President George W. Bush signed the Credit Rating Agency Reform Act into law last week, setting in motion substantial changes that could revamp the rating agency business by next year.
The law combines elements from the Senate and House of Representatives versions of the bill, which were adopted days before the president granted it final approval. Proponents say it will bring much-needed competition to the rating agency business, by allowing more than 130 rating agencies to potentially apply for and receive status as nationally recognized statistical rating organizations (NRSROs). The legislation also gives the Securities and Exchange Commission oversight of the industry.
Industry participants welcomed the change.
"Fitch Ratings believes that The Credit Rating Agency Reform Act of 2006 represents a significant step forward to enhance competition in the rating agency industry," said Charlie Brown, Fitch Ratings' general counsel. Specifically, Brown added: the law "appropriately introduces objectivity to the long-standing criteria of market acceptance by requiring definitive evidence that institutional investors use a rating agency's ratings. Market acceptance is one of the most appropriate ways for the SEC to assess the reliability of ratings as part of the recognition process."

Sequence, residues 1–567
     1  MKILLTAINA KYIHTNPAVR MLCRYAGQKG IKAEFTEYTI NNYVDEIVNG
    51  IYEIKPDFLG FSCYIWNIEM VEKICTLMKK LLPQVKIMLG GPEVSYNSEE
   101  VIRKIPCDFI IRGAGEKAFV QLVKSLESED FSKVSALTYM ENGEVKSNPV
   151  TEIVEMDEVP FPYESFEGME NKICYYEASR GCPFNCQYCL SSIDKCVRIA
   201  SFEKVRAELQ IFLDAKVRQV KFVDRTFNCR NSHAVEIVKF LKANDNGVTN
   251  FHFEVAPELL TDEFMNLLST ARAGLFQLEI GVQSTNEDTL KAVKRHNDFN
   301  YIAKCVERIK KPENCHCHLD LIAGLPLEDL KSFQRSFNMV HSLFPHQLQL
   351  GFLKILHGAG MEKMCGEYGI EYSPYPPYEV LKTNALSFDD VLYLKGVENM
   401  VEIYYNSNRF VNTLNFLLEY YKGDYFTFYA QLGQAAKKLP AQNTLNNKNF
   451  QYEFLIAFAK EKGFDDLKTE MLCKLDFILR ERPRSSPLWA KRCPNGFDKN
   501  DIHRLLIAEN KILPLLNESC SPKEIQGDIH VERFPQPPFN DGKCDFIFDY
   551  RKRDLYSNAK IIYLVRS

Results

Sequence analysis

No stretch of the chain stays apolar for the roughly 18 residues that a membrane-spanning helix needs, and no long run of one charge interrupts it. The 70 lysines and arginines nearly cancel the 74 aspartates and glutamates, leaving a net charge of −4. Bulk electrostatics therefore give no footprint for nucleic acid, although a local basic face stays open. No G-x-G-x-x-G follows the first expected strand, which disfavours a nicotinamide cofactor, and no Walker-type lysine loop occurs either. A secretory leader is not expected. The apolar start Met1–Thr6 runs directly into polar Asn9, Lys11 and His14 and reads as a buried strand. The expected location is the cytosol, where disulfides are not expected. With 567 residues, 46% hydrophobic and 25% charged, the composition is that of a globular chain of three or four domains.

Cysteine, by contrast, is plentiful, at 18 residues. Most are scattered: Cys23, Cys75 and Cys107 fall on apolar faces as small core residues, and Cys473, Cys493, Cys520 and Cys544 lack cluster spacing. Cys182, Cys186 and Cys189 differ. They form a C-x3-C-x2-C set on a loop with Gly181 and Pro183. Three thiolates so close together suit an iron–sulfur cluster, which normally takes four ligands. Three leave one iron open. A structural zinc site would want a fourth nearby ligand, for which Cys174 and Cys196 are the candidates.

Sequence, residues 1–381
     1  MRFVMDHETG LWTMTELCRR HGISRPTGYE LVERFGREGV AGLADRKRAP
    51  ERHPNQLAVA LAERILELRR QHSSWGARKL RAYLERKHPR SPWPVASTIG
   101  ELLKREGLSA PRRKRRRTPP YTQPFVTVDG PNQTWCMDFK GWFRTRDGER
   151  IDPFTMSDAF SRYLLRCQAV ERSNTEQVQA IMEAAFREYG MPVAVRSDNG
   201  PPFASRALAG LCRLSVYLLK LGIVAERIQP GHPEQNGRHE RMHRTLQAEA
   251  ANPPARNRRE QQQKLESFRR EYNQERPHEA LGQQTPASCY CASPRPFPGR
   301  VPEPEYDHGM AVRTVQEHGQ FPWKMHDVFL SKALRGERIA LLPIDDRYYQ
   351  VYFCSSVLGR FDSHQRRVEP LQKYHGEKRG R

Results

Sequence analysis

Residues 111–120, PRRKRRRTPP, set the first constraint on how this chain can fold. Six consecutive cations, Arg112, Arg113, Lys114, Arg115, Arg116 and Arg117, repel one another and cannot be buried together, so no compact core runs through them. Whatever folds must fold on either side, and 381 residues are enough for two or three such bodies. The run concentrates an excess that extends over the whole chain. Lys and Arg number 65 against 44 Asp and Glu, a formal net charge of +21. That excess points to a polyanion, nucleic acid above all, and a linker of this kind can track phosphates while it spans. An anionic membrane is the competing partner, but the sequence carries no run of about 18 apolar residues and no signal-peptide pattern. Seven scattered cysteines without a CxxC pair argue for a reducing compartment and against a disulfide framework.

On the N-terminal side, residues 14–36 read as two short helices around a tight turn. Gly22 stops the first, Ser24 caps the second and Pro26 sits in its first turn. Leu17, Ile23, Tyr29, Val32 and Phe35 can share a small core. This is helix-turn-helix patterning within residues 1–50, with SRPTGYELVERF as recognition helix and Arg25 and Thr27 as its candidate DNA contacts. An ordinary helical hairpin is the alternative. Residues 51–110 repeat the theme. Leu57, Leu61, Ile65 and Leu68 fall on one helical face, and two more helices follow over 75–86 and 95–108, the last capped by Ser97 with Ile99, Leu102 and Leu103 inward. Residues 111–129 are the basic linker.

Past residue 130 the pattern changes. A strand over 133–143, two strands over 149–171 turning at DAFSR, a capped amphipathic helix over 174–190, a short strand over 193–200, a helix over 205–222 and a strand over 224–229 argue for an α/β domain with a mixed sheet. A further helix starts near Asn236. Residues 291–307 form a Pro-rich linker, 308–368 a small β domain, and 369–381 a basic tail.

Currently, the SEC recognizes only five rating agencies: Moody's Investors Service, Standard & Poor's, Fitch Ratings, Dominion Bond Rating Service (DBRS) and Oldwick, N.J.-based A.M. Best, an insurance specialist. Two of those agencies, Moody's and S&P command an 80% share of the credit ratings market. The SEC granted DBRS and A.M. Best NRSRO status just within the last three years.
The law charges the SEC with issuing rules regarding registered credit rating agencies' conflicts of interest and the misuse of public information. Registered rating agencies must disclose information that improves the industry's transparency, including conflicts of interest; procedures and methodologies used in determining credit ratings; and performance measurement statistics over varying time periods.
Before any laws can be implemented, the SEC will begin a rulemaking period. That period is expected to begin in the next few months and be completed 270 days later, as required by law, said Brown.
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